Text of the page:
Scottish Mortgage: Big Improvement In The Annual Results

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Scottish Mortgage: Big Improvement In The Annual Results

The final accounts for Scottish Mortgage (LON: SMT) reveal a significant turnaround in the performance after a difficult couple of years and give a real insight into the explosive potential of the portfolio.

In the 12 months to the end of March the £14bn trust made an NAV total return of 11.5%, which represents a big improvement on 2023, despite being well behind the 21% gain from the FTSE All-World benchmark. Investors will not be complaining, as the shares were up 32.5% thanks to a narrowing of the discount due to the massive programme of buybacks announced in March.

Baillie Gifford’s flagship fund aims to invest in the world’s most exceptional growth companies that are able to deliver transformational change, which they think will dominate stock market returns. In order to do this the managers look for businesses that are resilient, but that are able to adapt.

Big changes in the underlying holdings

The portfolio has been designed to provide exposure to many of the most exciting growth trends, such as the digitalisation of more aspects of life, particularly through AI and the impact of technology on healthcare, as well as the energy transition.

There have been some significant changes with five new additions during the year including: Coupang, South Korea’s largest online marketplace, as well as Oddity, a beauty and wellness technology business that was acquired when it was still a private company.

Two longstanding positions have also been fully sold. The Chinese mobile platform Tencent had been a significant holding for 15 years, but had become increasingly constrained by political and regulatory developments, while Illumina was exited after execution issues.

The result is a concentrated portfolio in which the ten largest allocations account for 48.8% of the assets. These consist of well-known names such as: Nvidia, ASML, Moderna and Amazon, as well as private companies like SpaceX and Northvolt.

A Third Of The Portfolio Is Invested In AI

Without doubt, the biggest revelation in the accounts was that nearly a third of the fund was invested in Artificial Intelligence (AI), which deputy manager Lawrence Burns thinks could be the most significant invention since the Gutenberg printing press in 1440. Opportunities in this area are divided into three layers: hardware, infrastructure and applications.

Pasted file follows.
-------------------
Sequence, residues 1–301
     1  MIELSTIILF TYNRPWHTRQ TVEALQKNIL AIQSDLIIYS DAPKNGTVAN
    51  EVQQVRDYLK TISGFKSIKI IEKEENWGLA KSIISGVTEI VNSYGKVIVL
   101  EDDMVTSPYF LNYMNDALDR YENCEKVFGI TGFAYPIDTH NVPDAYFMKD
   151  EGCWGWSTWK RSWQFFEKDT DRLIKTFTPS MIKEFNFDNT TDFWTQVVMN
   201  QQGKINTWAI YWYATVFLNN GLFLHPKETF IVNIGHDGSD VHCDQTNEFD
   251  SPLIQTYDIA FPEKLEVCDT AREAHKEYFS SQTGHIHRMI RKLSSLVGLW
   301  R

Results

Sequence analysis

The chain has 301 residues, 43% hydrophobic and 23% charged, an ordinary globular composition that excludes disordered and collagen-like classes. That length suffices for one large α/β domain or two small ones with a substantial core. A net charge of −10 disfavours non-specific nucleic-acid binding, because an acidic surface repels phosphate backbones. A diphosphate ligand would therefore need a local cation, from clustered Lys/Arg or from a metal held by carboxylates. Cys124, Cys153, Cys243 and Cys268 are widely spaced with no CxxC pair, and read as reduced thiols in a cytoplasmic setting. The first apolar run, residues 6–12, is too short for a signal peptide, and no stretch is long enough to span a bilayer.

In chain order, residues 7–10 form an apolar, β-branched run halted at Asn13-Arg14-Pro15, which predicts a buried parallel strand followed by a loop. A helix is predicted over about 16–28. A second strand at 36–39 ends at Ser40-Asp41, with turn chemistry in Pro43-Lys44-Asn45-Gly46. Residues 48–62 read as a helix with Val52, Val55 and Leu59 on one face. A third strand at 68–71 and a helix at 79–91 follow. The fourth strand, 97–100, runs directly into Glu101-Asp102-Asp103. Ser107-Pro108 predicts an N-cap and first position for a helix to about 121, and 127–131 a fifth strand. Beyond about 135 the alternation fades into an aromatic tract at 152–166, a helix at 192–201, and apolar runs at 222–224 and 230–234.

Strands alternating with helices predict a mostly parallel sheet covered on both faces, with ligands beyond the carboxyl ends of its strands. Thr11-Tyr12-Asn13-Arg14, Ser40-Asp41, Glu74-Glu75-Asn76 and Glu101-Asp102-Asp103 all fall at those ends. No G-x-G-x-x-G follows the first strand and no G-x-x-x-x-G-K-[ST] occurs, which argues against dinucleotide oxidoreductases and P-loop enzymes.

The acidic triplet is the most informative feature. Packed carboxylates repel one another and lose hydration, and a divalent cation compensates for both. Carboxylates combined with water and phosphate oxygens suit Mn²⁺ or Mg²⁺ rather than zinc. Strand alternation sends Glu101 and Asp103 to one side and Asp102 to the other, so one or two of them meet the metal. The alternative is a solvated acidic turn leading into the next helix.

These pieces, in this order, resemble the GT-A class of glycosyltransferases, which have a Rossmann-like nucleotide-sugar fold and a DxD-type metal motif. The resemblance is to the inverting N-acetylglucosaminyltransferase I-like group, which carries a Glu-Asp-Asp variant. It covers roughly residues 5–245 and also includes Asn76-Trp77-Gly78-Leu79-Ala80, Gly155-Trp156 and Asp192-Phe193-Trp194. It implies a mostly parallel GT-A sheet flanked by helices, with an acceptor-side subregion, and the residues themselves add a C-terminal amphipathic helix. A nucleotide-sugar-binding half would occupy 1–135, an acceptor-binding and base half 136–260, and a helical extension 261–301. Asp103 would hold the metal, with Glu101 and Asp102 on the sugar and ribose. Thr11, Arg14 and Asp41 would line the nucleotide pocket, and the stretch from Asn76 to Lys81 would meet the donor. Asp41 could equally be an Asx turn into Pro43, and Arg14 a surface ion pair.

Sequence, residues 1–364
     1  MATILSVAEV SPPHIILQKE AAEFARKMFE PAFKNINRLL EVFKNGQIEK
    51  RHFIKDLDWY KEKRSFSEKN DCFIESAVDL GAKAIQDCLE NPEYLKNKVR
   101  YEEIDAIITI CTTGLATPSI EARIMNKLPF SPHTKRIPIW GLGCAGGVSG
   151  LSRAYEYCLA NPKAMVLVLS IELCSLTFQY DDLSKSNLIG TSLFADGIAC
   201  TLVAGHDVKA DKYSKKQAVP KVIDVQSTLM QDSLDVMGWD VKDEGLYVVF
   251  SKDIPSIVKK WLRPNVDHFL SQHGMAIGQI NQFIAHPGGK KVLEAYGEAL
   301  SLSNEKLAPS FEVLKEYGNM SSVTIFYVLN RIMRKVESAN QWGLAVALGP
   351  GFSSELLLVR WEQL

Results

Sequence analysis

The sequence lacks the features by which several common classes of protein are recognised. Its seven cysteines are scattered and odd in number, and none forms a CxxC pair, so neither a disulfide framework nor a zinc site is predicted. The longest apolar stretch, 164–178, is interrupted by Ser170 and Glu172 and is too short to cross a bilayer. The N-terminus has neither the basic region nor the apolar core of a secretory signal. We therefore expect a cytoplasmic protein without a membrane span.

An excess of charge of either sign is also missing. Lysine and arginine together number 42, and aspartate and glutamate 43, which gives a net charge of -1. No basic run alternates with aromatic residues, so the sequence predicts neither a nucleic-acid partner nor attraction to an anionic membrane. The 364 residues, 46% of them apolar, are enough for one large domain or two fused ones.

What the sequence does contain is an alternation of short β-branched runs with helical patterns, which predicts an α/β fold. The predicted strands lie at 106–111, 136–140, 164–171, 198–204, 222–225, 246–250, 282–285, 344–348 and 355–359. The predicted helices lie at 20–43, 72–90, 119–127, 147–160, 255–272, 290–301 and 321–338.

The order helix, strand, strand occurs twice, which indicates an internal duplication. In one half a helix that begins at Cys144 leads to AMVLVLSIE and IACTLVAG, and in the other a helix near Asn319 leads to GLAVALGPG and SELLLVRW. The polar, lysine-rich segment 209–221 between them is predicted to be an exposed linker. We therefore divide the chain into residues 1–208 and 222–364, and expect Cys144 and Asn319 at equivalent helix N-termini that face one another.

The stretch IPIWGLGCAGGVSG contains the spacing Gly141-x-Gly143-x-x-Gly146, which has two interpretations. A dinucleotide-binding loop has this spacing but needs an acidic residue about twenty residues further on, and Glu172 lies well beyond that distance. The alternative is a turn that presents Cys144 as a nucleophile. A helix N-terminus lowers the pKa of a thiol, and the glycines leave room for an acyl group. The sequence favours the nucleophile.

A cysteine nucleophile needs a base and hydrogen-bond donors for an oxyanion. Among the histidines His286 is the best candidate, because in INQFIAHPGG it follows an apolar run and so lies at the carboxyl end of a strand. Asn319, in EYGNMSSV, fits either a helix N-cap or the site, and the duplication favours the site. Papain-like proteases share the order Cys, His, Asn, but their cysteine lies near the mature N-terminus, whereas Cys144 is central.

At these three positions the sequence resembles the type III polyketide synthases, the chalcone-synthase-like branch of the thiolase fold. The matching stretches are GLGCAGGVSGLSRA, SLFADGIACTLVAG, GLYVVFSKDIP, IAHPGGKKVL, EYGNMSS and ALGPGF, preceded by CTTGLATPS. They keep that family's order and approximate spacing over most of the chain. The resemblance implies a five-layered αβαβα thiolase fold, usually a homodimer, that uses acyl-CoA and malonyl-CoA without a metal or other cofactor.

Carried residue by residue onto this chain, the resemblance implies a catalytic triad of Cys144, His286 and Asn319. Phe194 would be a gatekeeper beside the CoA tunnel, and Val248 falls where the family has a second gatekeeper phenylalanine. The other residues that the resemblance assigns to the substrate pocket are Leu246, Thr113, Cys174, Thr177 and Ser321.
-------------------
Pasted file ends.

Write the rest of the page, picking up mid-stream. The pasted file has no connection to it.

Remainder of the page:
The first of these is about the physical computational devices that enable AI. Scottish Mortgage has exposure to this part of the process via the chip designer Nvidia, as well as the Taiwan Semiconductor Manufacturing Company, where many of the chips are actually made.

Infrastructure concerns the cloud service providers that buy the chips and offer scalable, on-demand access to allow companies to train and deploy AI models without building their own delivery mechanisms. This is where holdings like Amazon and Meta come into their own.

The final category, applications, refers to those businesses that are making productive use of AI to expand addressable markets, reduce costs and dig deeper competitive moats. Stocks that fall into this segment include: Recursion Pharmaceuticals, Tempus and Spotify.


It has been a tough couple of years for investors, but sentiment towards the fund seems to be improving, thanks partly to the Board’s announcement in March to return at least £1bn via buybacks. They have said that they are committed to see to the share price trade close to NAV in normal market conditions.

The broker Numis says that the managers have a unique approach and a long-term view that is difficult to replicate. Because of this, they believe that Scottish Mortgage deserves a place in almost every portfolio and has the potential to deliver strong returns, albeit with plenty of ups and downs along the way.

Numis is positive on the outlook for the NAV and think that the discount could narrow from the current figure of around eight percent. Despite the recent difficulties the trust retains an exceptional track record, with long-term NAV total returns of 406% compared to 203% for the MSCI AC World index.

If you are thinking of investing it is important that you are comfortable with the high level of risk associated with this type of concentrated portfolio, especially in view of the 13% gearing. Scottish Mortgage has experienced many significant peaks and troughs over the years and will probably continue to do so.

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